Immunizations are for adults too


Although members of the Utah County Health Department encouraged parents to get their kids vaccinated, they recommend adults stay on top of their vaccinations as well.

The Centers for Disease Control recommends that adults between the ages of 19 and 26 should be vaccinated for a number of different diseases, including Human Papillomavirus, Hepatitis B and Meningitis. The full list can be found on the CDC website.

Many students believe they don’t need any more immunizations because they live a life in accordance with the Honor Code. Terri Jackson and Darcy Knight, public health nurses at the immunization clinic of the Utah County Health Department, say that young adults still need the protection offered by vaccinations.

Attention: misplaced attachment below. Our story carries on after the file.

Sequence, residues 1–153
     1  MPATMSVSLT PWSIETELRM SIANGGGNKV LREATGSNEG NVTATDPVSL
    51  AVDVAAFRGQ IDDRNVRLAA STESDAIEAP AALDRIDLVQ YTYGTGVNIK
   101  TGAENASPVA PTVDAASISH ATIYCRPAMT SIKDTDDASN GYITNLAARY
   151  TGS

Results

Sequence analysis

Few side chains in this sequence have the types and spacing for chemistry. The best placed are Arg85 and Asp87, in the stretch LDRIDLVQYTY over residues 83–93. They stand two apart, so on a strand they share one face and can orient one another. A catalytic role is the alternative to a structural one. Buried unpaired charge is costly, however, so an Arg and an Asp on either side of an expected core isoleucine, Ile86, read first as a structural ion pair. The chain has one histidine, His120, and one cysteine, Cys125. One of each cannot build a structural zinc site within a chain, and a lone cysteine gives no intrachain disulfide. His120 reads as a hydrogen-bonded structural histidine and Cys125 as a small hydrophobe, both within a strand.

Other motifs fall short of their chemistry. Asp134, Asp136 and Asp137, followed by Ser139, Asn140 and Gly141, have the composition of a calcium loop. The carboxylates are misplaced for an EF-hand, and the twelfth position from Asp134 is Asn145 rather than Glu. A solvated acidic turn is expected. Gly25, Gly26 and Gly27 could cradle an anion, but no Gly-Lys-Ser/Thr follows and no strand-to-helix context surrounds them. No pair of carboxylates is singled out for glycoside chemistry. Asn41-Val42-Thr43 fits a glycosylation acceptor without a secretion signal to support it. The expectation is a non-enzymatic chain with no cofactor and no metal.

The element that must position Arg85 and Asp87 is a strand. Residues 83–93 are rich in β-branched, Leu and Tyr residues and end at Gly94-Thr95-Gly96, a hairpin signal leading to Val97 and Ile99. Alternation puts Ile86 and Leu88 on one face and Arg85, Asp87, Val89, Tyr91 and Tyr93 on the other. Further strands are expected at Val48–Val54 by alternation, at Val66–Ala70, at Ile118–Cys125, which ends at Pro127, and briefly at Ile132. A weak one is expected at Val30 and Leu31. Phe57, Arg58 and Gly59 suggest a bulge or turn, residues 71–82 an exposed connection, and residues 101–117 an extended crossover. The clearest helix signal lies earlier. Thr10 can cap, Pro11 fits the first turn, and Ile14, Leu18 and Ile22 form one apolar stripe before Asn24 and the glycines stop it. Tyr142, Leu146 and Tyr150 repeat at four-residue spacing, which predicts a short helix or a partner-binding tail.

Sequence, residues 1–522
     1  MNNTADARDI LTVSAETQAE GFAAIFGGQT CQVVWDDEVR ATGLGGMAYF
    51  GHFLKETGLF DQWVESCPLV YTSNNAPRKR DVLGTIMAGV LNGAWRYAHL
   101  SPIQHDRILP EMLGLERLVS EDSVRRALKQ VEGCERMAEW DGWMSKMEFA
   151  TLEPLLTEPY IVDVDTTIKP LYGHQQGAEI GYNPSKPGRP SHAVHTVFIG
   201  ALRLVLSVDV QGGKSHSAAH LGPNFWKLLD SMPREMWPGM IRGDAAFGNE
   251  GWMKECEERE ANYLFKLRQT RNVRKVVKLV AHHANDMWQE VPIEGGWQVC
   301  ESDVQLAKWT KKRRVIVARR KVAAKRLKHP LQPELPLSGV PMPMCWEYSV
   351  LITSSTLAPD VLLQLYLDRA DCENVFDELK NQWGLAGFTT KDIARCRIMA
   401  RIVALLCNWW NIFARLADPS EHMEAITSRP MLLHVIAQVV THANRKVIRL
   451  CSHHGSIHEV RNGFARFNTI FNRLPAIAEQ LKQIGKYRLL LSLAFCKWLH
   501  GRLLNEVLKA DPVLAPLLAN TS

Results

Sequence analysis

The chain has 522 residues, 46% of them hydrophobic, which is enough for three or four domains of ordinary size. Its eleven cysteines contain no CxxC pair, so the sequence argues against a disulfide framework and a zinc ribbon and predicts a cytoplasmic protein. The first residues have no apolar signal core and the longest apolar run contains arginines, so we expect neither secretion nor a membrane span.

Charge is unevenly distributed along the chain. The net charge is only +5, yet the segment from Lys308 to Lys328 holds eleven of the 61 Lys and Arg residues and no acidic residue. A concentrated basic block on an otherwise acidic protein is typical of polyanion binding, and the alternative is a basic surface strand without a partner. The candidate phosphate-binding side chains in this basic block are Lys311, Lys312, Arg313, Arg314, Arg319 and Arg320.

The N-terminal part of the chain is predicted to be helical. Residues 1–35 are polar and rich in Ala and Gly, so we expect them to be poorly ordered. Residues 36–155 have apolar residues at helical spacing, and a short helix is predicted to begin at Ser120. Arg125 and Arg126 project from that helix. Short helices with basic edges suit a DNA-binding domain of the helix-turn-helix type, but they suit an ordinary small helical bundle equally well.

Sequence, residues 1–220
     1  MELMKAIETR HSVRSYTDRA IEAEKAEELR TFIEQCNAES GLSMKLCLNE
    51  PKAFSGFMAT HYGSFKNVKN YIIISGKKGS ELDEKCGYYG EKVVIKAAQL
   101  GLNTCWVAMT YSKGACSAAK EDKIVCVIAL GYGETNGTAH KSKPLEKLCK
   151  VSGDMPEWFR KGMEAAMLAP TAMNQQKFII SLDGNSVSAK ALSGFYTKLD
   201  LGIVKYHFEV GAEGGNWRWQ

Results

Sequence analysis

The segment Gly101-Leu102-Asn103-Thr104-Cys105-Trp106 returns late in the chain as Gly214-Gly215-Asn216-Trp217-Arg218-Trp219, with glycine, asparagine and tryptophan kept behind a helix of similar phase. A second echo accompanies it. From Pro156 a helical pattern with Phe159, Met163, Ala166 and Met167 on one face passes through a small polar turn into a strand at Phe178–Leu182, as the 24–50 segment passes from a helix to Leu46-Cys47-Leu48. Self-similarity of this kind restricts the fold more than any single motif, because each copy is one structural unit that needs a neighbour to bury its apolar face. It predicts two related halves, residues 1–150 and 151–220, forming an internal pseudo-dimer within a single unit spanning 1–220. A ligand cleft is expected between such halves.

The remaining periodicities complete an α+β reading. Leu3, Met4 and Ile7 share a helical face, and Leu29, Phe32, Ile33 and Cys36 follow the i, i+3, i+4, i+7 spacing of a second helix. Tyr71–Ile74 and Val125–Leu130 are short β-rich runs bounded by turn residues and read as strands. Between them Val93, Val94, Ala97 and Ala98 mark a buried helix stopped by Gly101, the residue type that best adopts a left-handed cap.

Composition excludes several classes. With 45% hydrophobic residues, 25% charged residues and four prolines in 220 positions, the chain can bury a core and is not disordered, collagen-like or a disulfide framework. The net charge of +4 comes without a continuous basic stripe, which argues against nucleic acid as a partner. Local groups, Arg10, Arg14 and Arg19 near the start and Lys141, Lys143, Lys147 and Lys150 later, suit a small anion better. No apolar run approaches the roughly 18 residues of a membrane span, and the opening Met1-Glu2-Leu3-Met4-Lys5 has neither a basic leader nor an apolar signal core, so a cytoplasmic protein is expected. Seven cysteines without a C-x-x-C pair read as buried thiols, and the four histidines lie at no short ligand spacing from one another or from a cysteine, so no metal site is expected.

“Although living the standards required in BYU’s Honor Code does decrease the risk of contracting HPV and Hepatitis B, it does not eradicate the risk of contraction completely,” they said. “The vaccine should be considered because a future spouse may have been sexually active prior to marriage and may be infected. Second, as much as we do not like to consider it, there is no perfect way to prevent exposure to HPV through rape, adultery or divorce and remarriage.”

Adding to their point, they cited the CDC, who reported that 35 percent of those who have contracted Hepatitis B had no known risk factors.

Others believe that because they’ve been immunized in the past, they have no need for any more immunizations. The nurses at the immunization clinic say that’s wrong. “Without a doubt they need protection through adulthood from vaccine preventable diseases.”

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